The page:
While demand for most manufactured goods can be satiated simply by importing those goods from abroad, the basic services provided by government tend to be largely non-traded and hence must be produced locally. Thus, more workers need to be employed by the public sector in resource-rich countries to increase the production of government services in order to satisfy the higher resource-driven demand.

The study constructs a model that captures the above mechanism and uses it to determine the extent to which resource-rich countries should expect to have higher government employment. This makes it possible to compare the optimal and the observed size of government within countries.

The researcher shows that – even with the charitable view of government taken above – public sector employment in resource-rich countries increases nearly ten times more than optimal. This massive misallocation has enormous negative implications on productivity in resource-rich countries.

To see why, notice that a government will always initially hire workers whose talents are most suited to public sector work. As government size increases, the government will be forced to hire workers increasingly better suited to other types of work. The overly large size of public-sector employment in resource-rich countries indicates that governments in those countries are hiring workers who are very unsuited to government sector work and instead are far more suited to jobs outside the public sector. By hiring too many public sector employees, resource-rich countries misallocate workers towards activities at which the employees are relatively not good.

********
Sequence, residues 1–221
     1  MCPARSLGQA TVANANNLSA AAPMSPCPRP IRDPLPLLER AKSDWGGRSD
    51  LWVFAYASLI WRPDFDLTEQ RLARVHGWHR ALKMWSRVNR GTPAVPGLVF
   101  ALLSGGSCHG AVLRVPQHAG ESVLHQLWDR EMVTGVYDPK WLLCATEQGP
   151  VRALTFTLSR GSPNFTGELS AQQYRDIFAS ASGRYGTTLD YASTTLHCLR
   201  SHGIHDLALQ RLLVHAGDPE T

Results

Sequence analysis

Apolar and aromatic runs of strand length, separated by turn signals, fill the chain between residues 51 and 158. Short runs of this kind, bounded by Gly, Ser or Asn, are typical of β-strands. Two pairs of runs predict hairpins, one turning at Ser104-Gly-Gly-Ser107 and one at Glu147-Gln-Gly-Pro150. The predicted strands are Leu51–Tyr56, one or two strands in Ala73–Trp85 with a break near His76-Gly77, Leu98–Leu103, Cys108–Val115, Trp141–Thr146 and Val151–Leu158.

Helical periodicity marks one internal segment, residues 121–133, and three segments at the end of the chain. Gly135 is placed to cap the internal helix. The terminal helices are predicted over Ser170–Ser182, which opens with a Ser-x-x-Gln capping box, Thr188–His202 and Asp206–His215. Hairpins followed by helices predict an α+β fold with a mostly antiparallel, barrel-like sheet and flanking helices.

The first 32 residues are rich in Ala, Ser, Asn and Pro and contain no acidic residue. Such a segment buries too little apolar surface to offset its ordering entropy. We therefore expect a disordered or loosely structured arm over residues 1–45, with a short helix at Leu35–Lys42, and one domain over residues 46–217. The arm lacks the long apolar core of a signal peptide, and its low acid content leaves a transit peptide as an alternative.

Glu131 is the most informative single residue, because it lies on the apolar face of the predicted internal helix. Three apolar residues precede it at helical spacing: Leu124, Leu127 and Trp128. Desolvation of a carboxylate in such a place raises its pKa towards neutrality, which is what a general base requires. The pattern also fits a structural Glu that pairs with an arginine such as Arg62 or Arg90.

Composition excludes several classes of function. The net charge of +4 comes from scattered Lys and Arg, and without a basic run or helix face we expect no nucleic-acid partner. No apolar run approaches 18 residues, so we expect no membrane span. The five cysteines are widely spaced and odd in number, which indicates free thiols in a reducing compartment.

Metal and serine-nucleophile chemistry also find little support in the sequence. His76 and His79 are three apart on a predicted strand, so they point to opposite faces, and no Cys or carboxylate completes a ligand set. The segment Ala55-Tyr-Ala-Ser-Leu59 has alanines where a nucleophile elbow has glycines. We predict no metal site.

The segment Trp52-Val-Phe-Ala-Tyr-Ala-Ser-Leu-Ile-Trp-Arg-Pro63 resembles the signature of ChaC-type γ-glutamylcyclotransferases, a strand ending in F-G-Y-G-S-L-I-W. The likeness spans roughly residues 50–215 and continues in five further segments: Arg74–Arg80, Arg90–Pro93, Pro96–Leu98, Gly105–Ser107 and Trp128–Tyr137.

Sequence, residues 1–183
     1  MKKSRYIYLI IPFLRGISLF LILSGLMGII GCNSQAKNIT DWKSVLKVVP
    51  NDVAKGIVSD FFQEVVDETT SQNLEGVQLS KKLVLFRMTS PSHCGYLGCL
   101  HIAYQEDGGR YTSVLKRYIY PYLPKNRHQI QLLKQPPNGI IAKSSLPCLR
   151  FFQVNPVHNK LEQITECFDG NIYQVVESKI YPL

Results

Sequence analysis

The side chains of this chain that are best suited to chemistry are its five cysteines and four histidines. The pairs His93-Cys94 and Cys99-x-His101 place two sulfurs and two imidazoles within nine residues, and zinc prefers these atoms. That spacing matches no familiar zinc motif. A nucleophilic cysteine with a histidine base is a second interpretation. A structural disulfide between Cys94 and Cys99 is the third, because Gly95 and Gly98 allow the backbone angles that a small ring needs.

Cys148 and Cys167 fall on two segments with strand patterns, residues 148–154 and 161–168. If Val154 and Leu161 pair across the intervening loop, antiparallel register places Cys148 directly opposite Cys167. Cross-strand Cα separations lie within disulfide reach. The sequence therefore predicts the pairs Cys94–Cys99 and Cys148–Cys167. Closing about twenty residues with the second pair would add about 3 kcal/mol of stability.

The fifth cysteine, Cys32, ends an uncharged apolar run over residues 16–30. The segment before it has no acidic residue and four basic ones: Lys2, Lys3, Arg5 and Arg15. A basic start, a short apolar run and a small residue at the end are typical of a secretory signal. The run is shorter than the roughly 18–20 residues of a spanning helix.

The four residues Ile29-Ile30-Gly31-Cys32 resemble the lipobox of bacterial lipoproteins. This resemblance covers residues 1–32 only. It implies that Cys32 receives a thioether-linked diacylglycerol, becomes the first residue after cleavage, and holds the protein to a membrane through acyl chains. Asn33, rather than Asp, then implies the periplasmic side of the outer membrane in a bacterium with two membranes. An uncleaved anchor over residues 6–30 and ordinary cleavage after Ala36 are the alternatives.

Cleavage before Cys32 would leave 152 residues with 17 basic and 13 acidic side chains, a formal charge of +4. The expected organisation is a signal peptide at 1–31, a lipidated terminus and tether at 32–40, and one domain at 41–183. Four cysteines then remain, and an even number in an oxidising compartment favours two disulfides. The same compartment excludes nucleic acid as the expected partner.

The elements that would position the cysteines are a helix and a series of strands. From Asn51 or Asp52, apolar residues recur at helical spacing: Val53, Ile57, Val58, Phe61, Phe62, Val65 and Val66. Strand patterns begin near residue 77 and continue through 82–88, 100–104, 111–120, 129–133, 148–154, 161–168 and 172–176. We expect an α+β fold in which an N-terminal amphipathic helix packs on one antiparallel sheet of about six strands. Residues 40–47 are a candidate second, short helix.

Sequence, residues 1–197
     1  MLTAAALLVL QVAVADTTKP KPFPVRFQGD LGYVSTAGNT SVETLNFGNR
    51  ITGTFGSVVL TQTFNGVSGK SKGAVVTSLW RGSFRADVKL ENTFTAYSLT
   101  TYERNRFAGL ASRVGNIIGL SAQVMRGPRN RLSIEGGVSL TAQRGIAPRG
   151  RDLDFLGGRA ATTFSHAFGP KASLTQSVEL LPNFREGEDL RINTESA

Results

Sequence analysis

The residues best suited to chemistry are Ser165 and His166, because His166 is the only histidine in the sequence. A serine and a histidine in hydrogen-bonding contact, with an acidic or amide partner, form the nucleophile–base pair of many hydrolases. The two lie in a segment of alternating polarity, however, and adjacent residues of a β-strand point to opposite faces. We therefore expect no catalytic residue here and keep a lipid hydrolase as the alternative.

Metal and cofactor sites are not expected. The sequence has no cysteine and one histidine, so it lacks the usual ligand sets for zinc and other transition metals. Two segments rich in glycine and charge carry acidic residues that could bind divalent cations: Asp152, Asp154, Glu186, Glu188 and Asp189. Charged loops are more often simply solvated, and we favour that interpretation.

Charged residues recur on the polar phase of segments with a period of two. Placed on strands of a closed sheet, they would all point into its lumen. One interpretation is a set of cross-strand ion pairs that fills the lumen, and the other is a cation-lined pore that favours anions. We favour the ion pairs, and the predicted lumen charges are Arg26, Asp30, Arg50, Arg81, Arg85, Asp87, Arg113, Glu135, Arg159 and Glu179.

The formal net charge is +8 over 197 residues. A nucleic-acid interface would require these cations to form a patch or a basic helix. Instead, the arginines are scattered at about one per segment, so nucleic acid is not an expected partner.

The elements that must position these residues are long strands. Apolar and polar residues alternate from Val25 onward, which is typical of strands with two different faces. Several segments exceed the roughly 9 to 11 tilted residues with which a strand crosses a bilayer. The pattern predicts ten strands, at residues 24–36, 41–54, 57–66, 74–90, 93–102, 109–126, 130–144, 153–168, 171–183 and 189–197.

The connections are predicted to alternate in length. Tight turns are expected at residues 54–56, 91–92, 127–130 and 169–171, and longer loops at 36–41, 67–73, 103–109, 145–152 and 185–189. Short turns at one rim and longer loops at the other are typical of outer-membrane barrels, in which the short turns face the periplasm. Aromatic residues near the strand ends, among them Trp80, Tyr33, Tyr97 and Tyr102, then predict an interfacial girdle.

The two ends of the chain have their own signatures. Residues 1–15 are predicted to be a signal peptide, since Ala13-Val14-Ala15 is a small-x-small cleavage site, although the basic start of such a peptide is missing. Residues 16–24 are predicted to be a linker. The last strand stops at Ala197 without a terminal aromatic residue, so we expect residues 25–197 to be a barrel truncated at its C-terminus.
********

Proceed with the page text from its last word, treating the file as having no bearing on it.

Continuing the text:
The impact of this misallocation on productivity is potentially huge. A middling resource-rich country will, on average, have a 2% lower productivity arising from misallocation, while in the most resource-rich countries, productivity will be up to 8% lower than it otherwise could be.

Finally, since the study assumes a high level of efficiency and benevolence of government, these high costs of misallocation are likely to be underestimates of the true costs of disproportionately larger government in resource-rich countries. Solving the government misallocation problem in resource-rich countries can thus go a long way to reversing the curse of natural resources.

ENDS


Radoslaw Stefanski